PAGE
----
From paragliding and speed flying Sun Valley to ski tuning, Nordic Town USA, Baldy's Big Mountain Skiers and this Winter's Art Scene.
(page 2 of 9)
UP, UP & AWAY
Get a different view of the Valley by paragliding off Baldy
Garth Callahan flying high over the inversion. Courtesy Fly Sun Valley
Skiers talk a lot about “flying down Baldy.” But flying off Baldy? That’s the lingo of paragliders, lovers of a sport that’s less extreme than you might think.
“It does generate adrenaline, no matter how long you’ve been doing it,” says Chuck Smith, owner of Fly Sun Valley, which holds an exclusive permit to launch tandem paragliding trips off Bald Mountain. “Most people that we fly are people that don’t do any sort of extreme sports; maybe ski, or drive over the speed limit a bit.”
The tandem flights, which are offered during the summer and winter seasons, launch from the slopes at running speed, then glide and coast on air currents and thermals before landing gently in a field near the base of River Run. During the flight, clients are in an upright-seated position with the pilot just behind them—only a sail above keeps them afloat.
Unlike those used in hang gliding, a paragliding sail doesn’t have an internal frame, so they’re quite portable. And unlike parachuting, instead of leaping from a height, paragliders launch from gentle slopes, and by using up-drafting thermals they can stay in the air much longer than a BASE or plane jumper.
“When you do a tandem, it’s so quiet you can talk in a normal tone of voice to the other person,” says George Morgan, a retired airline pilot who lives in Greensboro, North Carolina. He fell in love with paragliding during a trip to Sun Valley in 2009, when he saw a glider come off the mountain, and immediately wanted to try it.
“I came down from that first flight, and I just knew it was something I wanted to pursue,” says Morgan, who has since purchased equipment and learned how to solo. “It lived up to everything I thought it would be and more. I’ve flown a lot of different airplanes, and there’s nothing like it.”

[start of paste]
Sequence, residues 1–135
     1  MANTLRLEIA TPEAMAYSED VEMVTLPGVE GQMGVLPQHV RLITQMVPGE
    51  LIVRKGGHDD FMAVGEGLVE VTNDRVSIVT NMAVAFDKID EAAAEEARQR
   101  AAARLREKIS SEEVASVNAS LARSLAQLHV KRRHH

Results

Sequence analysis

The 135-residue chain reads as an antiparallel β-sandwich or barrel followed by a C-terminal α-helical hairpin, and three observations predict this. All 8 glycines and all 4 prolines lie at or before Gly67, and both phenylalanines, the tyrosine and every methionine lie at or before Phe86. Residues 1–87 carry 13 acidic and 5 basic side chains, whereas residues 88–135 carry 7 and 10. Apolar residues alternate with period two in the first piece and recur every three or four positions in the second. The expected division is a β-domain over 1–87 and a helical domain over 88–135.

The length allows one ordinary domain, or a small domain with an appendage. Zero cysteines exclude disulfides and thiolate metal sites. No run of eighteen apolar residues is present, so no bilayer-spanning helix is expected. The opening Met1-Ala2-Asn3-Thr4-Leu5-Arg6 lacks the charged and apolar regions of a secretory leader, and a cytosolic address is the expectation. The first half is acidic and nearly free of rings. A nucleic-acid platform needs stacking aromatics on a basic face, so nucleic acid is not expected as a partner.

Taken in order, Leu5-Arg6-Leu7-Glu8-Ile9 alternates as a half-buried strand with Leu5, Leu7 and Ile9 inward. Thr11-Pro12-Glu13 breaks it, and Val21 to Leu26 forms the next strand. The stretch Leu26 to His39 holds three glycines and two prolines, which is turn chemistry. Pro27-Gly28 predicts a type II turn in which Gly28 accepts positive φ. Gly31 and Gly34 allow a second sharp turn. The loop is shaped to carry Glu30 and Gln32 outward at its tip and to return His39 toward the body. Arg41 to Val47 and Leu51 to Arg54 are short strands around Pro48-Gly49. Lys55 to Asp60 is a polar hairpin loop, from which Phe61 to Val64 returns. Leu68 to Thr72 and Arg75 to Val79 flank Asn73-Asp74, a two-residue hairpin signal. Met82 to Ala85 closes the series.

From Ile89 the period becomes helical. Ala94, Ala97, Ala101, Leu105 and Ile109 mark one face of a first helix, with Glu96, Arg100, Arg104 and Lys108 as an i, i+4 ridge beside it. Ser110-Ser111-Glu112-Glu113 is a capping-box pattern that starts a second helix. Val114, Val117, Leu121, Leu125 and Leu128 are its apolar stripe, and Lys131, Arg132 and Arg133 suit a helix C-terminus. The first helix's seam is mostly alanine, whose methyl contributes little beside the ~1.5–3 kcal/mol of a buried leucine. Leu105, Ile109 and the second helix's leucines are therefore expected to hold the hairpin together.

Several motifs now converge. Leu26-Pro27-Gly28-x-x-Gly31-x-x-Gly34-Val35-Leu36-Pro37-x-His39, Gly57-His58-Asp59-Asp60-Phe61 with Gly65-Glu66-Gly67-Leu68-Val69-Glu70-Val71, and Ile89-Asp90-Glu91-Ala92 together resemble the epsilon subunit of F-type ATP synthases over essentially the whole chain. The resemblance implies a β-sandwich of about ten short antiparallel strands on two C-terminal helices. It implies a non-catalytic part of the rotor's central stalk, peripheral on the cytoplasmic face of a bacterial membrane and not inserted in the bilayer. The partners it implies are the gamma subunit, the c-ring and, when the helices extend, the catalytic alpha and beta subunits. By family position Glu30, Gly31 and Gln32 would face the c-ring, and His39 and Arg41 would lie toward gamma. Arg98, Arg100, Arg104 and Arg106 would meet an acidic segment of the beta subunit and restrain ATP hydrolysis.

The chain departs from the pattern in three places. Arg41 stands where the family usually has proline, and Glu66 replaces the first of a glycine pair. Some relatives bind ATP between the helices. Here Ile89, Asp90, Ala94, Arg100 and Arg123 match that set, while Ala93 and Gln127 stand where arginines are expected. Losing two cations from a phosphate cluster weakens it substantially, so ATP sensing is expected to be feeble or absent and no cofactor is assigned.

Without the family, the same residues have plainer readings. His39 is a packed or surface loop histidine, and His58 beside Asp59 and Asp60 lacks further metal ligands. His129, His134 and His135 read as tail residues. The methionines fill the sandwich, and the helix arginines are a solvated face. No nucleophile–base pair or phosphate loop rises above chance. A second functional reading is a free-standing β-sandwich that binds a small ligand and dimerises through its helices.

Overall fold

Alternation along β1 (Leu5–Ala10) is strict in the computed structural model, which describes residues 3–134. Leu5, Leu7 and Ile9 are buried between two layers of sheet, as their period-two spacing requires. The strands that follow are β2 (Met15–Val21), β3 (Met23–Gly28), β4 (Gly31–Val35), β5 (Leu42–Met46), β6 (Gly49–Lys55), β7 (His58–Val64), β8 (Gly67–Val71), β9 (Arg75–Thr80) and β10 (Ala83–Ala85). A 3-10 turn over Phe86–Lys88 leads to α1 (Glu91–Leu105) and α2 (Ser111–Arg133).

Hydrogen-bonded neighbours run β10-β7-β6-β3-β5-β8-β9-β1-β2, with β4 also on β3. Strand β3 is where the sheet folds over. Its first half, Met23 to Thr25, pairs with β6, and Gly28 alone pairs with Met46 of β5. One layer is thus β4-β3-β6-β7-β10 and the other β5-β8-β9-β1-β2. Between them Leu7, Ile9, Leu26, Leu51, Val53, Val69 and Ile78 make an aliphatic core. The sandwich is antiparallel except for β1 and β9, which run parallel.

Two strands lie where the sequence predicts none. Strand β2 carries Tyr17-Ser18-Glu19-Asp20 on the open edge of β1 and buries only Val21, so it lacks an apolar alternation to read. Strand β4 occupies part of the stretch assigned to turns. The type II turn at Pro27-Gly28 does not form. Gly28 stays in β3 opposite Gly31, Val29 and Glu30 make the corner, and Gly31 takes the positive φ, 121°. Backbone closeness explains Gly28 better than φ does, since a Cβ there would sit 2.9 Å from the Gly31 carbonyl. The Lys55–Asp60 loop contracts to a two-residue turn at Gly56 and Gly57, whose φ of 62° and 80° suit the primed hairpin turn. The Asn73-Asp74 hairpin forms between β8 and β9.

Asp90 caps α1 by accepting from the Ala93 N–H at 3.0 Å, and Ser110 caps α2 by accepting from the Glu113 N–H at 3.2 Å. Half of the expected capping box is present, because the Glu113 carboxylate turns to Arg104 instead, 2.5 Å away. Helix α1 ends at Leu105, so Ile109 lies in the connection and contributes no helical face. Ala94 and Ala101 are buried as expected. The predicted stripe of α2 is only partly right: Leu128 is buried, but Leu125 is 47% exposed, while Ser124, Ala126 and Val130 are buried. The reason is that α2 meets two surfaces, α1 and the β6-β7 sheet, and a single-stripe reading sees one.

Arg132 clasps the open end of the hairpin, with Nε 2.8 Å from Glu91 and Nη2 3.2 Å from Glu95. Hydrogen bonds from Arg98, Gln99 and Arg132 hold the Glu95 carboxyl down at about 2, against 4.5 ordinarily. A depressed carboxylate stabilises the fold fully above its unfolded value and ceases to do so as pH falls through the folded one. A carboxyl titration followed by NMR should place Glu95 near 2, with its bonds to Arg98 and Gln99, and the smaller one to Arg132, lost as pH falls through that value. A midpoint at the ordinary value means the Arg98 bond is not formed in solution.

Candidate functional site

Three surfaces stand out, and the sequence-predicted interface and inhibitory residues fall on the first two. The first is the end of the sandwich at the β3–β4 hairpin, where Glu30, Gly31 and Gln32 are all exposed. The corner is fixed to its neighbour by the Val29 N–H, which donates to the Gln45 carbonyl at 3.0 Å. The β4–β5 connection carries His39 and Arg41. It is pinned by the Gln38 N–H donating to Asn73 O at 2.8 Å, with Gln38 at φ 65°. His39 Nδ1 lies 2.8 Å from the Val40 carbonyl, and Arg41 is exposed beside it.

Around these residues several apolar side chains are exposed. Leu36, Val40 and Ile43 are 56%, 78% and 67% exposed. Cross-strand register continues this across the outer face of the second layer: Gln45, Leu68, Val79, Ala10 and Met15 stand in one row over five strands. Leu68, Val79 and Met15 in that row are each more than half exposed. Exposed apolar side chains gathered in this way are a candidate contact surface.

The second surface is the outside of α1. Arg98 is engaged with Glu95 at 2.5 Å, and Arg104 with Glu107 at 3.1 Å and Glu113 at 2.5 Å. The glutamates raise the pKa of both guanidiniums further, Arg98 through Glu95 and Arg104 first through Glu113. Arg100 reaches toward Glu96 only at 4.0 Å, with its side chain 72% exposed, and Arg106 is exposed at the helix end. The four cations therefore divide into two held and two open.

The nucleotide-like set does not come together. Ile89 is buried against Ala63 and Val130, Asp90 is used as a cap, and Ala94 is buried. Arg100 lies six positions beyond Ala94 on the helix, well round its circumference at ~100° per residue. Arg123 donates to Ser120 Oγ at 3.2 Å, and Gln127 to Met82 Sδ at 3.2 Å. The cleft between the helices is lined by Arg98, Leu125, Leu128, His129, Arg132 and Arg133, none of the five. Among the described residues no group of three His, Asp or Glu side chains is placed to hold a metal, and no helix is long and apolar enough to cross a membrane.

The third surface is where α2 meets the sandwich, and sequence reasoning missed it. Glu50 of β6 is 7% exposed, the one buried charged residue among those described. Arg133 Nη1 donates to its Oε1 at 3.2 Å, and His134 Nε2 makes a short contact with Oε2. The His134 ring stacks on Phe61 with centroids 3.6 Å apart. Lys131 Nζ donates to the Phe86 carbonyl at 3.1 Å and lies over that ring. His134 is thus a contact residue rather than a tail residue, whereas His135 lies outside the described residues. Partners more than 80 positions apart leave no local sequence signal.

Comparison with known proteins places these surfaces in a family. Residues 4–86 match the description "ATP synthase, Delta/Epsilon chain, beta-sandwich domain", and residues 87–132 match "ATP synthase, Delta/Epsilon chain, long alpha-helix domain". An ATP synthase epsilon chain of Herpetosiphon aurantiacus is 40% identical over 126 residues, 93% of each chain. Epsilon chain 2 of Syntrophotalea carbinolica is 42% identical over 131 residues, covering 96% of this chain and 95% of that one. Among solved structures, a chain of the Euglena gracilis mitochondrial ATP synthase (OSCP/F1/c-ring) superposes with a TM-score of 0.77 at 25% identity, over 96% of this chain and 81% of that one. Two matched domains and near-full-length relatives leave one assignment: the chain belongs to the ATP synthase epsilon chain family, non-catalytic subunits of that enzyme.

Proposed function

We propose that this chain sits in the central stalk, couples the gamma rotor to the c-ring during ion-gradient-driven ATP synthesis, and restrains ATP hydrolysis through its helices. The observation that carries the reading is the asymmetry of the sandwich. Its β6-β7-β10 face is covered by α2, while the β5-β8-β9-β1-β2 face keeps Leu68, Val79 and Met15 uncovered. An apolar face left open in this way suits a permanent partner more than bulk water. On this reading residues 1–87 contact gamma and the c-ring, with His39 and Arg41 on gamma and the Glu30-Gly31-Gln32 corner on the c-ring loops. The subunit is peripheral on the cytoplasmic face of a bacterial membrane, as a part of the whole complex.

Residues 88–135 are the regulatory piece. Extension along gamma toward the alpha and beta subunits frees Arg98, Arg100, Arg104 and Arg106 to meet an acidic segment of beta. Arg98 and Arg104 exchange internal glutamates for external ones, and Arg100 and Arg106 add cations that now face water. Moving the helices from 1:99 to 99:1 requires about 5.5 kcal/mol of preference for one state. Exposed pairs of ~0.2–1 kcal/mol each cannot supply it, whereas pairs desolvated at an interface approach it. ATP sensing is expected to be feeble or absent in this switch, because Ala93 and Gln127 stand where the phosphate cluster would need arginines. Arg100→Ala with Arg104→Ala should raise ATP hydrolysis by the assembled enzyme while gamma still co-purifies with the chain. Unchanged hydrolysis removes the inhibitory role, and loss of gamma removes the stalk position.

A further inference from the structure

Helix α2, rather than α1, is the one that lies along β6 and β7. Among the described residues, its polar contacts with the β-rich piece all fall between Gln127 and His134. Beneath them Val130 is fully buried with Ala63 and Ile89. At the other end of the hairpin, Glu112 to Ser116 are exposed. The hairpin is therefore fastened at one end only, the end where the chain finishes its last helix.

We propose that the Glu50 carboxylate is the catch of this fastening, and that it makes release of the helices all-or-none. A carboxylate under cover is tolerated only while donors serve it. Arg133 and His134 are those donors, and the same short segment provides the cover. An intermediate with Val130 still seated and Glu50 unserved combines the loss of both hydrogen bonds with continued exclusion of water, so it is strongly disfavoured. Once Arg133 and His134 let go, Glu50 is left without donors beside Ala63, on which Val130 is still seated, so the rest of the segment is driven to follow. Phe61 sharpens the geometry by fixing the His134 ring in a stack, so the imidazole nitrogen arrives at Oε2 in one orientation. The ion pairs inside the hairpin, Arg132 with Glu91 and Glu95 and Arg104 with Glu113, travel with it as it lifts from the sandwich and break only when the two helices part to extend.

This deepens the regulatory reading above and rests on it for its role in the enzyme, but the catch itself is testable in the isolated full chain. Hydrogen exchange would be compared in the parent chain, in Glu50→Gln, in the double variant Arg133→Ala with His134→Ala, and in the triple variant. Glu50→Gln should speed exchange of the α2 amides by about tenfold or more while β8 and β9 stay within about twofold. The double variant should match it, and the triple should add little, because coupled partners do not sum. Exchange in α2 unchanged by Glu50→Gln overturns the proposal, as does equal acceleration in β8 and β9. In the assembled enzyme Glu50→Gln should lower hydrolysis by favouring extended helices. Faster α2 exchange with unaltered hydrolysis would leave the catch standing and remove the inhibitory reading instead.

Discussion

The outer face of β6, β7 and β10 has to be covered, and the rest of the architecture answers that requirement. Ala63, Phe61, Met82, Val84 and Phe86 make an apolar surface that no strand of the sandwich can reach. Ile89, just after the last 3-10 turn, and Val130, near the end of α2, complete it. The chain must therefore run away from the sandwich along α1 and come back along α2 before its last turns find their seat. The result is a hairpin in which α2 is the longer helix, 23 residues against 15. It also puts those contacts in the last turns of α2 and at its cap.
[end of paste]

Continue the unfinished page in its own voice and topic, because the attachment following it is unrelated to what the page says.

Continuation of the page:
Most tandem flights stay under 14,000 feet (the launch points off Baldy are about 9,000), though paragliders are allowed to go up to 18,000 feet without getting prior permission from the Federal Aviation Administration. The most complicated—and potentially dangerous—part of paragliding is understanding and working with air currents, which are more difficult to anticipate in mountainous areas.
Few paragliders have the experience and credentials of Smith, 48, a Cape Cod, Massachusetts, native who has lived in Idaho for 11 years. He started using the equipment 25 years ago as a way to easily descend after mountaineering and quickly began competing. He earned the national championship in the sport in 1988, and has been instrumental in bringing paragliding competitions to Sun Valley. The mountain hosted the U.S. National Championships in 2006 and 2010 and in August will welcome the Paragliding World Cup—the U.S. has hosted the international event just once before.
It’s a coup for Sun Valley, but Smith is happy just introducing new people to the sport and estimates he has piloted more than 5,000 tandem flights.
“Being able to share that passion with people who haven’t done it before, that’s where I zeroed in on things,” he says, describing why he started teaching and offering tandem. It takes just a few sentences to learn all you need to know to be the passenger, but the rewards are, sometimes literally, breathtaking.
As Morgan explains, “I can’t tell you how neat it is to get into a thermal with a hawk or a buzzard. The view is unlike any other. You’re flying so close to the ridgetops and seeing a view of the mountains that so few people have ever seen. That’s the closest to being a bird
that you can be.”
And really, who hasn’t dreamed of flying? Fly Sun Valley can take that dream off your bucket list. -Ariel Hansen